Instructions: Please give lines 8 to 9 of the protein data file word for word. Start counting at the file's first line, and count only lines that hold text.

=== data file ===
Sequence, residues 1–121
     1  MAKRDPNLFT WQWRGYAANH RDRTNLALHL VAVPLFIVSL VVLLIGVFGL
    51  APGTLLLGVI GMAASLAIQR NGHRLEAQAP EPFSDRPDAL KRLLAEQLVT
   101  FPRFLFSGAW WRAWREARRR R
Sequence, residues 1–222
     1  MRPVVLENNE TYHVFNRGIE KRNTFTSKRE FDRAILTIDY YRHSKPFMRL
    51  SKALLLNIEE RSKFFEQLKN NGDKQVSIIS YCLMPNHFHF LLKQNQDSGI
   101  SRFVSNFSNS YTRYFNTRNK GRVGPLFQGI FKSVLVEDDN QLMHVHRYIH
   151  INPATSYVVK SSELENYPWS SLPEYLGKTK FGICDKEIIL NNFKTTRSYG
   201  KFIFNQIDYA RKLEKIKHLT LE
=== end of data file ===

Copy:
   101  SRFVSNFSNS YTRYFNTRNK GRVGPLFQGI FKSVLVEDDN QLMHVHRYIH
   151  INPATSYVVK SSELENYPWS SLPEYLGKTK FGICDKEIIL NNFKTTRSYG